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Soon, software to rectify road design fault
Ajith Athrady NEW DELHI, June 10, 2016, DHNS 0:58 IST
An average of 400 people die every day in road accidents in India with “faulty engineering” being a major cause.
Recognising the problem, the Centre has decided to develop a software to study road design of national capital and rectify its fault if any.
The Road Transport Ministry in association with Transport Research Wing and other experts will develop a software to study the engineering flaw in road design and find out solutions to traffic congestion and road accidents in the national capital, Transport Minister Nitin Gadkari said here. As the ministry wants to change faulty road designs across the country, the government will take up New Delhi as pilot project. If it becomes a success, the project will be executed in other cities also, he said. Delhi, notorious for congested roads and drivers’ indifference to traffic rules, reported highest number of deaths (1,622) in the country.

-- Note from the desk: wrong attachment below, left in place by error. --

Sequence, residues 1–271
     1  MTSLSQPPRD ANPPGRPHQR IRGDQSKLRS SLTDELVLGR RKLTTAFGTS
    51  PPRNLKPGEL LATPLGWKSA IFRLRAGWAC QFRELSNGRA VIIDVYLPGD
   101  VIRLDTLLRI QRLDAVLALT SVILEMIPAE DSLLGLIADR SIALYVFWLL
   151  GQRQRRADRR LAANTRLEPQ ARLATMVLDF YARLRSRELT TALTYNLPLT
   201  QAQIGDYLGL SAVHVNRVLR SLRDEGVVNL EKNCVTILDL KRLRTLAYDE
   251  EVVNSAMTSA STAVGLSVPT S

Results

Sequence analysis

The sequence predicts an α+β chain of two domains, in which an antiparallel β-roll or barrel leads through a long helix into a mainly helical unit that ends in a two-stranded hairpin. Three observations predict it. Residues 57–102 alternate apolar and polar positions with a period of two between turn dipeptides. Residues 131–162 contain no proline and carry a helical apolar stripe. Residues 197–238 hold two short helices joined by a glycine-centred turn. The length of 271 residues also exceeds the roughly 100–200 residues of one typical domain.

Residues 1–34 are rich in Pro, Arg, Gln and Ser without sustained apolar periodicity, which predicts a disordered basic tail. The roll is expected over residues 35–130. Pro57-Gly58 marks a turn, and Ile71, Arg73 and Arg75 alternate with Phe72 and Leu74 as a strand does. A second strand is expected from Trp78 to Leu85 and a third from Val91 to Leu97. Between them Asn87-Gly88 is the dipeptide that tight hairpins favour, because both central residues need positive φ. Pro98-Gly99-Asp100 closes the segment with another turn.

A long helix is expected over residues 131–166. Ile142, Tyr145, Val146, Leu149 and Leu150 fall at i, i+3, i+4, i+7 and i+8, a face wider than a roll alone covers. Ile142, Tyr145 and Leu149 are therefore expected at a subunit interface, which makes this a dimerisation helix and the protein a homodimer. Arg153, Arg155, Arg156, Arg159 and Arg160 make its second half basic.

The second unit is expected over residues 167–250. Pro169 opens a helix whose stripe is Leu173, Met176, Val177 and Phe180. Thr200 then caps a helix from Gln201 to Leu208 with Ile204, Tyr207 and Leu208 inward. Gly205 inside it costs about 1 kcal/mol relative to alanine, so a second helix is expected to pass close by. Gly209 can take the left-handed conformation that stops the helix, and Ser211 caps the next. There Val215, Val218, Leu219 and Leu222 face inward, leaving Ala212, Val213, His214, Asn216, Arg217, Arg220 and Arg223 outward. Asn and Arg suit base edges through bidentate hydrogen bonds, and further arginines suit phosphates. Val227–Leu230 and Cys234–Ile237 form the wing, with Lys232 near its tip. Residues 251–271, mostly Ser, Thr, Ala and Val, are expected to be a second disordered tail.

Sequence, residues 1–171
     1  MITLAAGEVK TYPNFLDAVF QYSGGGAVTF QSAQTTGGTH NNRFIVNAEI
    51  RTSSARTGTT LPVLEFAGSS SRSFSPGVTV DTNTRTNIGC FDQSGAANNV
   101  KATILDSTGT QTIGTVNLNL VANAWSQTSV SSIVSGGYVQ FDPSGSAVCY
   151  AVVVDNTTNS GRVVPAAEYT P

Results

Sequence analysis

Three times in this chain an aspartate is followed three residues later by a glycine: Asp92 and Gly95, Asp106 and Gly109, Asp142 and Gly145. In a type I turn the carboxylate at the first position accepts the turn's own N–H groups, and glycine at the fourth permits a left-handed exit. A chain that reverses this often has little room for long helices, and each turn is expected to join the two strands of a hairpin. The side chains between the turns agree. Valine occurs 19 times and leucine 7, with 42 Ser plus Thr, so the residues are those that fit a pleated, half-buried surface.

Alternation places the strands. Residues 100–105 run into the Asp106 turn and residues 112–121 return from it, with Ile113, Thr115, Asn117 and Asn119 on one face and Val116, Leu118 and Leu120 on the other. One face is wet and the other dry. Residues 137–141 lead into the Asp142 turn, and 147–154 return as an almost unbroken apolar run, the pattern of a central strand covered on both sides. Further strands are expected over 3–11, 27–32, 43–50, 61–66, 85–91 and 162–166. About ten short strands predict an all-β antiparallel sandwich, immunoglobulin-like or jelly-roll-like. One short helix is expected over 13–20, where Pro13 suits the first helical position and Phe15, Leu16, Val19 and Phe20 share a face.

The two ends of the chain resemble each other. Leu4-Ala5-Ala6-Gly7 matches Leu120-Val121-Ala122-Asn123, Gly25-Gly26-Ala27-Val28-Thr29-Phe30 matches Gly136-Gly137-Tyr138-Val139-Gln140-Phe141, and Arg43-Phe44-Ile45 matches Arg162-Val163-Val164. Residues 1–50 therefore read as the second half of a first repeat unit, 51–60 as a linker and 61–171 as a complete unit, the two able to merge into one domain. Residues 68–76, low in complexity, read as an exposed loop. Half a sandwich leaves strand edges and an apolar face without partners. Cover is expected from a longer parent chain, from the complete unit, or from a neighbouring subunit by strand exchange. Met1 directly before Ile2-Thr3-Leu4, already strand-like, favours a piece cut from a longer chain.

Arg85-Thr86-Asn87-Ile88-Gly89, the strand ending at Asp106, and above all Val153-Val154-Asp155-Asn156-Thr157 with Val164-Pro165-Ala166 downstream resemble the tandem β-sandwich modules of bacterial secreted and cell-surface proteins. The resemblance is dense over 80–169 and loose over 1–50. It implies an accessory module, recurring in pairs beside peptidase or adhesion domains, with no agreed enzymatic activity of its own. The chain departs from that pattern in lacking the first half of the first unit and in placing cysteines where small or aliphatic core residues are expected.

The minister who released the report, ‘Road accidents in India-2015’, also said that though the report lists drivers’ fault for 77.1% of the accidents in 2015, “faulty road engineering” is one of the major causes. In Delhi, of the total 8,085 road mishaps last year, 7,975 accidents took place in good surface and straight road. Expressing dismay over this, Gadkari said the Centre wanted to study why more accidents took place on straight roads, especially when the road surface was good.
Apart from adopting latest technology to curb the accidents rate by monitoring the speed of the vehicles through CCTV, stricter norms for issuing driving licences, the ministry is also working on new road safety bill.
On an average, 400 people die every day in road accidents Faulty engineering is behind majority of accidents Centre has decided to develop a software to study road design for New Delhi as pilot project Software will help study flaw in road design, find solutions to traffic congestion and road accidents in capital Transport Ministry, Transport Research Wing and other experts will develop the software